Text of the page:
Whilst music streaming businesses develop at a quick pace, performers are still not rewarded fairly — if at all — when their performances are exploited online.
Together with three other international organisations (AEPO-ARTIS, FIA and IAO), FIM is involved in the Fair Internet campaign, which is asking for the introduction in EU law of a fair and equitable remuneration to be paid to performers every time their performances are used online.
This FIM meeting focusing on gender equality brought together union representatives from eleven English-speaking African countries
From 20 to 22 November 2017 in Dar es Salaam, Tanzania, FIM and the Tanzanian Urban Musicians’ Association (TUMA) organised an exchange and training workshop on gender equality in the music sector, which had financial backing from Union to Union. This was the second African meeting after a first workshop in Dakar in January 2016. The meeting took place in the presence and with the active support of Union to Union and SMF representatives. Read more
During a FIM national workshop co-organized with PAPPRI, a collective of Indonesian musicians undertook to form a union within the next six months
During a first national workshop held in Jakarta in June 2006, FIM met representatives of several national performer organisations. With the help of FIM representatives, specialists in international standards in the labour field (ILO) and copyright (WIPO), the meeting addressed the whole array of their concerns over three days and led to the conclusion that only a union organisation would have the ability to see that the rights of this professional category were recognized, defended and promoted. Read more
On 31 Oct.-2 Nov. 2017, FIM organised its first event in Cuba since its 17th Congress, held in Havana in 2001. This training workshop was hosted by UNEAC (Union de Escritores y Artistas de Cuba), in the framework of a regional project funded by Swedish organisation Union To Union, with support from SMF.
The FIM team consisted of Déborah Cheyne (FIM Vice President), John Acosta (President of AFM Local 47 – Los Angeles), Benoît Machuel (FIM General Secretary) and Ananay Aguilar (FIM Regional Coordinator for Latin America). Read more
EAEA has set out its proposals for efficiently implementing the initiative of the European Pillar of Social Rights, with particular regard to atypical work
On 3 November 2017, EAEA answered the two questions posed by the European Commission in the second phase of consultation of social partners on a possible review of the “written statement” directive (91/553/EEC), within the scope of its initiative on a European Pillar of Social Rights.
The points raised by EAEA correspond to concerns also expressed by UNI-Europa and ETUC regarding the need to provide more serious guarantees for so-called “atypical” workers, including those who exercise their activity in a non-salaried context, not subject to national labour legislation. Read more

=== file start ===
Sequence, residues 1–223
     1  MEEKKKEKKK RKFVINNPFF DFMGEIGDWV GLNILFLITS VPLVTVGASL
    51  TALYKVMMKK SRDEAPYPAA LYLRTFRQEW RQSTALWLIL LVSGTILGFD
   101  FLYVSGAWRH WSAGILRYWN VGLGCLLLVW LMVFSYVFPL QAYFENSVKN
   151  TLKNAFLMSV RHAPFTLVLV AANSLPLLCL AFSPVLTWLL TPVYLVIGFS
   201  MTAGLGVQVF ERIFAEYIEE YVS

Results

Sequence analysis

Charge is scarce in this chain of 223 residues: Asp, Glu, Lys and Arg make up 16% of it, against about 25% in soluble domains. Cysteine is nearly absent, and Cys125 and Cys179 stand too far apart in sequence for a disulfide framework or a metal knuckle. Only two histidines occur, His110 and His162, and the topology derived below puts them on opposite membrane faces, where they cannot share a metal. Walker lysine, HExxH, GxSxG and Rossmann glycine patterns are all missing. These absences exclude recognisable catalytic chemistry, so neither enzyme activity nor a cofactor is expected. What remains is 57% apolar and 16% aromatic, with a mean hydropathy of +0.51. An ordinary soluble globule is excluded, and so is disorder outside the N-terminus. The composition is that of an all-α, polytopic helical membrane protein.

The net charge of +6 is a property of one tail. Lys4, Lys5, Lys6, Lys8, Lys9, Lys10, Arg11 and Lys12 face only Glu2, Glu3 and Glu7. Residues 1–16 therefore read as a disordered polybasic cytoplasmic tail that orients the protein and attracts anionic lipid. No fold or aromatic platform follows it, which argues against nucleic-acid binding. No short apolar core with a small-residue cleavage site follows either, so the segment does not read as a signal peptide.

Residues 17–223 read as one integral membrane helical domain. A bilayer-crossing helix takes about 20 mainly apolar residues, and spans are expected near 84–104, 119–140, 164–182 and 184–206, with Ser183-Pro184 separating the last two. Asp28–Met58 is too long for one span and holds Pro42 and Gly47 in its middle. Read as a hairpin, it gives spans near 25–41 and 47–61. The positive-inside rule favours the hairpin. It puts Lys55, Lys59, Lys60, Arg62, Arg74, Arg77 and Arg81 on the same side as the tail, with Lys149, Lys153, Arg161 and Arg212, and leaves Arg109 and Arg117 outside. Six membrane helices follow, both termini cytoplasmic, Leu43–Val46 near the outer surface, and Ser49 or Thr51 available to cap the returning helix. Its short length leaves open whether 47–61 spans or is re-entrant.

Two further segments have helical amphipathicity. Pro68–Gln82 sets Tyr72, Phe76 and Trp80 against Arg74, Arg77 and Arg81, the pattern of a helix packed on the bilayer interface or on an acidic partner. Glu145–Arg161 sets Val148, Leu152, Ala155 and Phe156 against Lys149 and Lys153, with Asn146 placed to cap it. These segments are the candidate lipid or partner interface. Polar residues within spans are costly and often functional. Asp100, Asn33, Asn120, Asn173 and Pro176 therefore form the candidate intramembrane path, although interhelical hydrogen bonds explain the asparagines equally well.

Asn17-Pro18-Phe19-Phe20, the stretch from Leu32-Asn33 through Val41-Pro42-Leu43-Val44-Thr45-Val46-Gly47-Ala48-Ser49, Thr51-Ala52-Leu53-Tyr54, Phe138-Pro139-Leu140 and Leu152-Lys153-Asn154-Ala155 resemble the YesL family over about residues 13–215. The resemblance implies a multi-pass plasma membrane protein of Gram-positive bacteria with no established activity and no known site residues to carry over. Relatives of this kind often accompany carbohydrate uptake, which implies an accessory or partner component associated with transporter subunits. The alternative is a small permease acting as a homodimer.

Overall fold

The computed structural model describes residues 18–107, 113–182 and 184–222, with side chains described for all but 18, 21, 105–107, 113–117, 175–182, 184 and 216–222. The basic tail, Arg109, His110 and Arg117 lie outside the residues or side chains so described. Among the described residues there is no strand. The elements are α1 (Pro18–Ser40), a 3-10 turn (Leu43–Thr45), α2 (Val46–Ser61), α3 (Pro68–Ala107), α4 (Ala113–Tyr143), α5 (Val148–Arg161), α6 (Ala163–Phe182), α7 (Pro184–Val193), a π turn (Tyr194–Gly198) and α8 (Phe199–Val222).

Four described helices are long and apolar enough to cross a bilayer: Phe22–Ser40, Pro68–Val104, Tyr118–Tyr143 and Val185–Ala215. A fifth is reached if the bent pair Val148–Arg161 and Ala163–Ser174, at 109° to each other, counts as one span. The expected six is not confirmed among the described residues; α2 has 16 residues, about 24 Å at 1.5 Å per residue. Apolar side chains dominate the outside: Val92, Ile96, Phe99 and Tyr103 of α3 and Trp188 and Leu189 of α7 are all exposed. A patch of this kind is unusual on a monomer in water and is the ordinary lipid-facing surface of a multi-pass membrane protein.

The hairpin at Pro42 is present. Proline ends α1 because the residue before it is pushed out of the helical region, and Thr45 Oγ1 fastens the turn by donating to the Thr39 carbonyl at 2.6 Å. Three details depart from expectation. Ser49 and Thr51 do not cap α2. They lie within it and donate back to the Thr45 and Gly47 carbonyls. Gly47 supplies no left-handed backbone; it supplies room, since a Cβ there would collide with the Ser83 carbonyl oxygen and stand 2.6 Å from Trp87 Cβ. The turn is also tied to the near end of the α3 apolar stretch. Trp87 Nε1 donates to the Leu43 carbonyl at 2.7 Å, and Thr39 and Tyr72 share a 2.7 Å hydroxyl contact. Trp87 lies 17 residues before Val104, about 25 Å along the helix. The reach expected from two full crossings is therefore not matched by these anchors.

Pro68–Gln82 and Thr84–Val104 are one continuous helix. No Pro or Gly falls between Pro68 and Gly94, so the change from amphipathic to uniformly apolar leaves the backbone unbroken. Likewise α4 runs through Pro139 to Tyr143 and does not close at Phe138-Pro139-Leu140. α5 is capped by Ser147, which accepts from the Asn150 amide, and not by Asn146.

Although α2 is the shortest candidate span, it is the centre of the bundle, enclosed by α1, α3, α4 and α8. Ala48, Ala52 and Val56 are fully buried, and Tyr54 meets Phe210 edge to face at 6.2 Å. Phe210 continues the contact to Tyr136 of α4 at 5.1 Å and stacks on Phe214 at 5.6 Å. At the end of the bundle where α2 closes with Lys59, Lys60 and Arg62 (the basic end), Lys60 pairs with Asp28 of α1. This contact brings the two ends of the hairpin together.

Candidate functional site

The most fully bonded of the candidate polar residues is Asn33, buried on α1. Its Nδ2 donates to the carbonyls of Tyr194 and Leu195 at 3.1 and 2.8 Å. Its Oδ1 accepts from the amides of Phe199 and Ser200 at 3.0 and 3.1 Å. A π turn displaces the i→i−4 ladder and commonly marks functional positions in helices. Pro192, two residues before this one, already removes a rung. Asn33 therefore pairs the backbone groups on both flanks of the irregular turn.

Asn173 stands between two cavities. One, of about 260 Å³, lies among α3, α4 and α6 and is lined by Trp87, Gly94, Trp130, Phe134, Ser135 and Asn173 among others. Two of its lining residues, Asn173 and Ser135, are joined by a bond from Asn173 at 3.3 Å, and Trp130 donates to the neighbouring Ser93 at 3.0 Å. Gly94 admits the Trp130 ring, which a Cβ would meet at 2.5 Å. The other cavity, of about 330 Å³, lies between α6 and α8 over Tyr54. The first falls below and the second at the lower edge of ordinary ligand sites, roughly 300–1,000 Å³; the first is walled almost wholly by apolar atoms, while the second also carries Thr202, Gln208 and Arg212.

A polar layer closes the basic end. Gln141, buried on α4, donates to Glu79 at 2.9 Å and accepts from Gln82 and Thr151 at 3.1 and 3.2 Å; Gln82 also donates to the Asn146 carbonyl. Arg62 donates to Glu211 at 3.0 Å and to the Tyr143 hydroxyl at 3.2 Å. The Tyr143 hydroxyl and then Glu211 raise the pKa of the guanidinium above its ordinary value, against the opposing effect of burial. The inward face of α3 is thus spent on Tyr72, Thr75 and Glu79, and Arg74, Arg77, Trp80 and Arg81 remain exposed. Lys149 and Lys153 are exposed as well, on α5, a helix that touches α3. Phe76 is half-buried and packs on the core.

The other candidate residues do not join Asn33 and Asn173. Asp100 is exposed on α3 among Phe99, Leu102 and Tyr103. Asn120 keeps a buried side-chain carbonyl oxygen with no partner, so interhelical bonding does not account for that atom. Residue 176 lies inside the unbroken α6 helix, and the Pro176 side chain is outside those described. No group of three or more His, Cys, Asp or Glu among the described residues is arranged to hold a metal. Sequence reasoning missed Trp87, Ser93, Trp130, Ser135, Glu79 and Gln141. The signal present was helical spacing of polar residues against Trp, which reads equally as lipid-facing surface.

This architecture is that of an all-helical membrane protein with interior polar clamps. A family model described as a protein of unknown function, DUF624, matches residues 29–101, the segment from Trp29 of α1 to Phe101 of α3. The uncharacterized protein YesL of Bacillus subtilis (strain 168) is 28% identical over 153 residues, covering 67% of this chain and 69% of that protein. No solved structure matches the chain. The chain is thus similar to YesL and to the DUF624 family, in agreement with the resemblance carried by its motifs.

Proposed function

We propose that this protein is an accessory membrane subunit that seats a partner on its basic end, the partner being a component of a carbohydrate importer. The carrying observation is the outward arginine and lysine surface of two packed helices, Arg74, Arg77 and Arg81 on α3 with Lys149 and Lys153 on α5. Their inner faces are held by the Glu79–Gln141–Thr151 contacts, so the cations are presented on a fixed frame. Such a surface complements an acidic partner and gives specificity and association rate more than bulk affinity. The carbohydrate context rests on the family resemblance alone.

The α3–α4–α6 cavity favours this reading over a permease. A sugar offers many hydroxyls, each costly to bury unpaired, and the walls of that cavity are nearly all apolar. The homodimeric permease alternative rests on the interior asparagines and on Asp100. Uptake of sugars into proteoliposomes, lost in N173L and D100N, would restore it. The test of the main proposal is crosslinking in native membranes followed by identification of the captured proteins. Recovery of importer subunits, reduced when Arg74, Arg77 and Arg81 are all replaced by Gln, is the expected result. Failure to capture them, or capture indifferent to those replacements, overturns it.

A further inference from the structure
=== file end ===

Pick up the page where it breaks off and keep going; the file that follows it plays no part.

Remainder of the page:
Takeshi Shinohara passed away on 14 October 2017. Long-time President of the Japanese Union MUJ, he was its representative at FIM from 2010 to 2017.
Photo: Takeshi in front of the Harpa Congress Centre in Reykjavik, when he attended FIM’s 21st Congress in June 2016 (photo Evelin Lackner)
Born in Tokyo in 1947, Takeshi Shinohara studied the flute from 1959. After beginning at the NHK in 1966, he continued with his studies at the Tokyo University of Arts from 1967 to 1970, before pursuing his career as a chamber and studio musician and gave his first recitals in 1979 and 1980. Read more
As announced in a previous article, on the 21 September 2017, the European Commission engaged the second round of consultations of social partners on a possible review of Directive 91/533/CEE (regarding the obligation to inform workers on employment conditions), within the scope of implementing the European Pillar of social rights. This document is accessible here.
As the Commission notes, “there is a growing challenge to define and apply appropriate rights for many workers in new and non-standard forms of employment relationships. Read more
With the active collaboration of EAEA, the European Trade Union Confederation (ETUC) is pursuing its project dedicated to self-employed workers. Within the scope of this project, a workshop focusing on the social protection issue was organised in Paris on 6 – 7 September 2017.
Choosing the moment when people are returning to work in 2017 to hold this workshop owes nothing to chance. The European Commission has just completed a first round of consultation on the opportunity of reviewing the 91/533/CEE directive (relating to the written statement) and the possibility of a legislative initiative aimed at guaranteeing workers equal access to social protection, regardless of their working relationship. Read more
CASUALIZATION AS A SOCIAL MODEL IN FRANCE? DEFINITELY NO!
On 31 August, the French government finally published decrees which alter labour law, for the second time in little over a year. Less rights for workers, more power for employers: that is, in a nutshell, the contents of this new law.
This further social retrenchment goes much further than the previous reform (so-called “El-Khomri Law”), although the El-Khomri Law was explicitly condemned by the United Nations as contrary to France’s international Commitments1 and against which a complaint has been lodged with the International Labour Organisation2. Read more